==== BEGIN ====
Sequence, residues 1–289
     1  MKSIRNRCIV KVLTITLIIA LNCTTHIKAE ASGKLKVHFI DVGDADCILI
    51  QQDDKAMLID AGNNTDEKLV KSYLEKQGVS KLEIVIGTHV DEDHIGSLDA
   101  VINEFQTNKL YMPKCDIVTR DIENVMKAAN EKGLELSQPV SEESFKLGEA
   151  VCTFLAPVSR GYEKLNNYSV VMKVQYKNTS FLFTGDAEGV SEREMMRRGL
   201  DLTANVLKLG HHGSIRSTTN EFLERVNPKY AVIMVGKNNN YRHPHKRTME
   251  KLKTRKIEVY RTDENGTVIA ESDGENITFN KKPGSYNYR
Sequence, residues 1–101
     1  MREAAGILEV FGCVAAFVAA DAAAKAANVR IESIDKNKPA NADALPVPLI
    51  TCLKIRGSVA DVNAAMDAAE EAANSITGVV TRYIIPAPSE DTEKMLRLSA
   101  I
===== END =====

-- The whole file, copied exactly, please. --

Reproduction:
Sequence, residues 1–289
     1  MKSIRNRCIV KVLTITLIIA LNCTTHIKAE ASGKLKVHFI DVGDADCILI
    51  QQDDKAMLID AGNNTDEKLV KSYLEKQGVS KLEIVIGTHV DEDHIGSLDA
   101  VINEFQTNKL YMPKCDIVTR DIENVMKAAN EKGLELSQPV SEESFKLGEA
   151  VCTFLAPVSR GYEKLNNYSV VMKVQYKNTS FLFTGDAEGV SEREMMRRGL
   201  DLTANVLKLG HHGSIRSTTN EFLERVNPKY AVIMVGKNNN YRHPHKRTME
   251  KLKTRKIEVY RTDENGTVIA ESDGENITFN KKPGSYNYR
Sequence, residues 1–101
     1  MREAAGILEV FGCVAAFVAA DAAAKAANVR IESIDKNKPA NADALPVPLI
    51  TCLKIRGSVA DVNAAMDAAE EAANSITGVV TRYIIPAPSE DTEKMLRLSA
   101  I